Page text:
Metaphors we live, communicate, and teach by: Transitioning from Mechanism to Sustainability
Through presentation and collaborative dialogue this session explores the dominant metaphors that influence our perceptions, our work, our society and education. This session will bring a deeper awareness of how our worldviews, our perceptions, and actions are supported and shaped by various myths of nature and the associated metaphors we use on a daily basis. Our dominant worldview and its associated metaphors are influential in maintaining the unsustainable status quo, yet we are typically unaware of this happening.
From this understanding we’ll look at how ecological metaphors can be powerful tools in transforming education in transitioning to a sustainable future. Research is showing we can use ecological metaphors to communicate more effectively with those who think differently in working collaboratively to transition to a sustainable future. In recognizing these root metaphors we can encourage transformation by consciously shifting to more sustainable eco-centric metaphors in our education and communications.
This workshop will engage diverse audiences and can be designed specifically for formal education (from Kindergarten to Masters), and professionals across all sectors.
Envisioning the Future of School: Rethinking Education for a Sustainable Future
Our educational system is currently part of the problem as it is educating people of all ages, through its very structure and process, into the mindset of the unsustainable status quo. A mechanistic, linear mindset, which created the problems we are trying to mitigate, underpins the educational system’s philosophy, organization, curriculum, teaching and learning. Although there have been numerous government reports, recommendations and support materials to encourage teachers to implement environmental education and sustainability initiatives (National Roundtable, 1993; BC Ministry of Education, 2007, 2010; LSF, 2010), much important work by teachers and policymakers is frustrated by the underlying structure of the educational system, with its focus on separate subject disciplines, hierarchical management practices, and transmissive teaching and learning practices.
This interactive session will bring together educators, administrators, community members and students to vision what we want the future of schooling to look like. Based on visual presentations of The Problem with School we will look at the dominant organizational metaphors that structure and limit our present educational system, holding us back by undermining educational innovations and contributing to the unsustainable status quo. From this understanding we will explore through the principles of sustainable living systems, (holism, interdependence, community, diversity, adaptation, and emergence), introduced through The Future of School, how these principles inspire changes in management, curriculum, teaching and learning in developing transformative education for local communities and the reality and needs of the 21st Century.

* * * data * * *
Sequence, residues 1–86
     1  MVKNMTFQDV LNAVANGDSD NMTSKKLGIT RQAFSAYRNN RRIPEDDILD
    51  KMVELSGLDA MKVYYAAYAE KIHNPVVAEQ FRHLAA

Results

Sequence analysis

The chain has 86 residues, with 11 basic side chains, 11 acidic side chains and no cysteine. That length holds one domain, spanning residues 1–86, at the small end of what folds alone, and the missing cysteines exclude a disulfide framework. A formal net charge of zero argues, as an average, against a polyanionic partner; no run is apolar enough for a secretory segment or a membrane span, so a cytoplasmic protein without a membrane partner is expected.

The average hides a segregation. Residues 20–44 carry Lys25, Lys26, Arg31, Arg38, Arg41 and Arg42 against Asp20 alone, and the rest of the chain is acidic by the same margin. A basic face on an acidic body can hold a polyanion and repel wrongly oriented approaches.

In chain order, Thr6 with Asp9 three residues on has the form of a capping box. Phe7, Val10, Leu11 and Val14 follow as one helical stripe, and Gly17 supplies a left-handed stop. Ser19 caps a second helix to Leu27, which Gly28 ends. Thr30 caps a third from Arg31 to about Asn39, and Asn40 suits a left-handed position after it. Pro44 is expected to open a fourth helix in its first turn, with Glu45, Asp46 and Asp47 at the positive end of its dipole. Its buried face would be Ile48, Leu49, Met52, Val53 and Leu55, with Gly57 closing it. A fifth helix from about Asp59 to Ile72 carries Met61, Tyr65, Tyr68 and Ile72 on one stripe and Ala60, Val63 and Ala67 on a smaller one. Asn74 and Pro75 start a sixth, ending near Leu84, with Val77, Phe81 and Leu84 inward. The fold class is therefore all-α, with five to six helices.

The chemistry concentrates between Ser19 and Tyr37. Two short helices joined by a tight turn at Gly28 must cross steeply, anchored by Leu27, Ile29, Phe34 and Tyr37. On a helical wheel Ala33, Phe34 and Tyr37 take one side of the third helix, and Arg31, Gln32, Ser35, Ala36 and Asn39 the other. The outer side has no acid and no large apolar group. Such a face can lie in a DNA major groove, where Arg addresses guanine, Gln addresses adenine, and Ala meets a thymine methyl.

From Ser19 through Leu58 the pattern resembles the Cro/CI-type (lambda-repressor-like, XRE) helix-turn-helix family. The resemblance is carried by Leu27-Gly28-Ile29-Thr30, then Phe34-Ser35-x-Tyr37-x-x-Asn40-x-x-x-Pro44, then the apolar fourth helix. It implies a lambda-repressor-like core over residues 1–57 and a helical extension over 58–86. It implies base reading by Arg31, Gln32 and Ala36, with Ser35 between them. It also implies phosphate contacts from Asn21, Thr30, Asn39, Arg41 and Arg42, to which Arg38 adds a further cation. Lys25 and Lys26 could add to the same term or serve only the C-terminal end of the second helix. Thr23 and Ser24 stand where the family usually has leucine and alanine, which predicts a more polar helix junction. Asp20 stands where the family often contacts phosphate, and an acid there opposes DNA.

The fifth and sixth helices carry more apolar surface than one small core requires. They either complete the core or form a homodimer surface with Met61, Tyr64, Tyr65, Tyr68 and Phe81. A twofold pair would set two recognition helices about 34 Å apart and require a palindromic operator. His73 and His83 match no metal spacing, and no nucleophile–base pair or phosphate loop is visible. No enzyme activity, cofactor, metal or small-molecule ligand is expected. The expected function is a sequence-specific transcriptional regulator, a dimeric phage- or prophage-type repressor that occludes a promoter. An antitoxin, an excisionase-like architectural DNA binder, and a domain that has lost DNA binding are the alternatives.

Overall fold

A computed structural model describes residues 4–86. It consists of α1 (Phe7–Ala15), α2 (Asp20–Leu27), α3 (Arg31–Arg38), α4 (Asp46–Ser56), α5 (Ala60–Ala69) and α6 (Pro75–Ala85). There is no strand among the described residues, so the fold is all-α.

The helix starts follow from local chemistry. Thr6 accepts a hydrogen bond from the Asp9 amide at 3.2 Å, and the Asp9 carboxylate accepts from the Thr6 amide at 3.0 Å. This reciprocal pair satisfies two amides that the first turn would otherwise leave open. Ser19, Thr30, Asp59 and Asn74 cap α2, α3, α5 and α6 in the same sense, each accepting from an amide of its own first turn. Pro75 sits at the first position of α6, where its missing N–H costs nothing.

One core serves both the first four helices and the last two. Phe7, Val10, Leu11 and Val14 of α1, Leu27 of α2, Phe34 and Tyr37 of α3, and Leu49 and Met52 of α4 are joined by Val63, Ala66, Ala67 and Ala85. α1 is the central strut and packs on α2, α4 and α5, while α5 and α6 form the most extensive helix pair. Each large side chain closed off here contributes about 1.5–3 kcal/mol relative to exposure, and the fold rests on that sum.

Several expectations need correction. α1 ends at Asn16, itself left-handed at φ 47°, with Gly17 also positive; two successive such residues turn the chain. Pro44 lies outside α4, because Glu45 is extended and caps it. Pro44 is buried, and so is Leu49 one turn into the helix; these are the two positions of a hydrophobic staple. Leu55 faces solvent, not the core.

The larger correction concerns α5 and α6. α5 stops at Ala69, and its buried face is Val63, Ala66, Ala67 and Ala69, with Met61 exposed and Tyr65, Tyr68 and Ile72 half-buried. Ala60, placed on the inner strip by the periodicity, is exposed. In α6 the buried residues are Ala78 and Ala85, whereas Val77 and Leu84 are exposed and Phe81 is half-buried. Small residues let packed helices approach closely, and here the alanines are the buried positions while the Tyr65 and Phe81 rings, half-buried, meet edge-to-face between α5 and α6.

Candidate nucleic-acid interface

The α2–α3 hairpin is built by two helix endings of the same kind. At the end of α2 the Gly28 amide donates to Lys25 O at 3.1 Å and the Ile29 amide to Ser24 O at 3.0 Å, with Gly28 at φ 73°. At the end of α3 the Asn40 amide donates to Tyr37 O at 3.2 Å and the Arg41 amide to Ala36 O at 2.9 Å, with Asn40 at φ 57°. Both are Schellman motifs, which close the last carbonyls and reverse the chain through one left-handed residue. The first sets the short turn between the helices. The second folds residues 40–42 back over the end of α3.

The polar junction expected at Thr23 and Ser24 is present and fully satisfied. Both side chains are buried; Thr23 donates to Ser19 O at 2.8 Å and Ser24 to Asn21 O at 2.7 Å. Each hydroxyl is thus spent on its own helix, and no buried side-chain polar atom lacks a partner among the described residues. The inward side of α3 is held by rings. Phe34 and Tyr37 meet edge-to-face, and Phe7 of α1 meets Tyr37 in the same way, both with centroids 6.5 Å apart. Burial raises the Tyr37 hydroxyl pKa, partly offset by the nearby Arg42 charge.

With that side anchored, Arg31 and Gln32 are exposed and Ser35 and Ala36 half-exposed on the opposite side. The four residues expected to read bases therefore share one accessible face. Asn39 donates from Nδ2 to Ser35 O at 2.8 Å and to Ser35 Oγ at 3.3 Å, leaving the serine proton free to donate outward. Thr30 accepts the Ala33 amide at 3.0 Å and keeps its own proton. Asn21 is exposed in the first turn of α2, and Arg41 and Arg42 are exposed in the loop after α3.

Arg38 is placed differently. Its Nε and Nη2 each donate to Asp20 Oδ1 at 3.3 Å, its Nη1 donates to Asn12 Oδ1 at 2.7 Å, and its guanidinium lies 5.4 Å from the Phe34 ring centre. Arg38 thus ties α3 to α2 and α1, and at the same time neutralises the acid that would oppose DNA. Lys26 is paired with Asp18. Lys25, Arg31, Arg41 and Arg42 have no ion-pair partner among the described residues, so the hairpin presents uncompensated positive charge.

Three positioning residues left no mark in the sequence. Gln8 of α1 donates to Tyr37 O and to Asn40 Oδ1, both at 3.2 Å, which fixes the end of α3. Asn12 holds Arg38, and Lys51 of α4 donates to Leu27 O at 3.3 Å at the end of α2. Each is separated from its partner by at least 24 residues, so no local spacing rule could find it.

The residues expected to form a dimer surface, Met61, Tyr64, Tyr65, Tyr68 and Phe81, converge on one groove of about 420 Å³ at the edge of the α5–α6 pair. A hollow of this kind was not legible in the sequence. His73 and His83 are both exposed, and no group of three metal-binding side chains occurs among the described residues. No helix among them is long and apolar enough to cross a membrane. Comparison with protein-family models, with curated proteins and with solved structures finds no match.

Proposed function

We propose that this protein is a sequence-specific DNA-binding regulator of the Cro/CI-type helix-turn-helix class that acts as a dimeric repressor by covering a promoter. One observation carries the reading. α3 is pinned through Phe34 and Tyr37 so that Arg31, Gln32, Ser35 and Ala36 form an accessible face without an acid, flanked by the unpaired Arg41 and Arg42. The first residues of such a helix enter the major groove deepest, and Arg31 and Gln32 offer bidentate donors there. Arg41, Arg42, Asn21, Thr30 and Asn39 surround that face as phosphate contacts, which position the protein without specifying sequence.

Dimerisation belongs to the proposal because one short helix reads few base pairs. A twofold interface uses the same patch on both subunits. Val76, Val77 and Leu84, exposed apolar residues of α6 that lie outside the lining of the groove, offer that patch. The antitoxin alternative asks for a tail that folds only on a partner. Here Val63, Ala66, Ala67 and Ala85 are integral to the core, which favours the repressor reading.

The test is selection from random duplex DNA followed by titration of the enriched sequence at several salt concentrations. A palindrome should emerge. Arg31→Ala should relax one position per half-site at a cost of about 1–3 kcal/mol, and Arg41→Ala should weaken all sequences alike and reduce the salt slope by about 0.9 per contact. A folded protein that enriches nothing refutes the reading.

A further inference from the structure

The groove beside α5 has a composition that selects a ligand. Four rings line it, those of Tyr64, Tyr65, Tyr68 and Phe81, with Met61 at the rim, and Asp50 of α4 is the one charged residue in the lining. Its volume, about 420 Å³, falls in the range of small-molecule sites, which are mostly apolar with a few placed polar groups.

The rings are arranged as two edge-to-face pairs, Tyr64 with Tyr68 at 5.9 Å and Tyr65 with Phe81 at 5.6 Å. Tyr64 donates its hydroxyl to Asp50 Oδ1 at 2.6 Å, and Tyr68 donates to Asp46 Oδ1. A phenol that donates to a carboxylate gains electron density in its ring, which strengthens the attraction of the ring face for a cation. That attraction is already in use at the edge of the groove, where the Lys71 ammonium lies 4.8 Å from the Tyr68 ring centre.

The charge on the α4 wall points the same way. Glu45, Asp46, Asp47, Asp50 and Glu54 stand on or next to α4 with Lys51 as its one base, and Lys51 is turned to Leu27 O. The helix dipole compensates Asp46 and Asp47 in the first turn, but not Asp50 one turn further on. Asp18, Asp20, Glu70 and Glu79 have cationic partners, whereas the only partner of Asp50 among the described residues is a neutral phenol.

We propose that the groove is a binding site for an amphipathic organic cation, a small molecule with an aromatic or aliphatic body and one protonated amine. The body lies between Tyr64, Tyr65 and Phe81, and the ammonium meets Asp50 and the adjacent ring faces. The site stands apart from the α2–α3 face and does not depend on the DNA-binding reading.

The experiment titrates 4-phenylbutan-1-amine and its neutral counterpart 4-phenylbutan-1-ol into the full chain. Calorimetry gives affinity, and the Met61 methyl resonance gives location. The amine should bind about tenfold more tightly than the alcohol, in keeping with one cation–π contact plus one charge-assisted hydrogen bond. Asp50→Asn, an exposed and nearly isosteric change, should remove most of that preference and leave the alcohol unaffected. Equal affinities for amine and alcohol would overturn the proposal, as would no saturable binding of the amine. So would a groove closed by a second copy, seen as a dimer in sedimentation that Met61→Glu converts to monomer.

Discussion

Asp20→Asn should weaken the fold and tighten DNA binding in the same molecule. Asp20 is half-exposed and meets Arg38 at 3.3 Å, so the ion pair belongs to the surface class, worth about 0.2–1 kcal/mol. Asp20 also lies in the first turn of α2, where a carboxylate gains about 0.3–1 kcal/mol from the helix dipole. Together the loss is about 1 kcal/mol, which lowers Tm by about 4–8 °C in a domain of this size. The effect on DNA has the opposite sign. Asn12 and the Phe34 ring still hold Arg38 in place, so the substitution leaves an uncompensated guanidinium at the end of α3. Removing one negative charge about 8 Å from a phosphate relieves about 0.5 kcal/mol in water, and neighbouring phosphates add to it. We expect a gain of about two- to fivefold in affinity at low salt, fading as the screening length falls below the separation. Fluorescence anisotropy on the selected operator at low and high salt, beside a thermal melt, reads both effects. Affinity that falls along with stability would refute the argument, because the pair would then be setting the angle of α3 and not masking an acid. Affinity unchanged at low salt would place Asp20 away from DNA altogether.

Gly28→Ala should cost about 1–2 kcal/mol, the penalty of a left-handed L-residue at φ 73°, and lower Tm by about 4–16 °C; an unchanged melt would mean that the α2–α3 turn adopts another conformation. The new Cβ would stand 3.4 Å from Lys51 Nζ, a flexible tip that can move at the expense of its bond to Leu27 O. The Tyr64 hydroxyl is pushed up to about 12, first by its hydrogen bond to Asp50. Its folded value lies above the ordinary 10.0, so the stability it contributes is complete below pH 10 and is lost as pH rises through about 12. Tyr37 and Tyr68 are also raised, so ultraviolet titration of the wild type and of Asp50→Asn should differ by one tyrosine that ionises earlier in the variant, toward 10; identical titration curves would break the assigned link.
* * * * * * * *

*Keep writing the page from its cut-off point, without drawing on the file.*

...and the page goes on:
Backcasting to a Sustainable Future
Backcasting is an interactive, inquiry based learning tool you can use with students, community members or in the work place to envision the future we want and then learn how to get there. Typically we forecast, start from where we are and focus on the issues. Backcasting is a simple, positive, proactive framework that starts from what we want in the future and then helps us stay focused on our vision to get there from where we are now.
Working from ecological principles it combines long-term vision with short-term action, a broad range of stakeholders, and incorporates environmental, social, economic and cultural imperatives. It is an interactive approach based on inquiry learning culminating in empowerment and taking action in schools and communities. As it is focused on the future vision it is hopeful and pro-active. This is 21st Century learning incorporating systems thinking, critical and futures thinking, and project-based inquiry learning.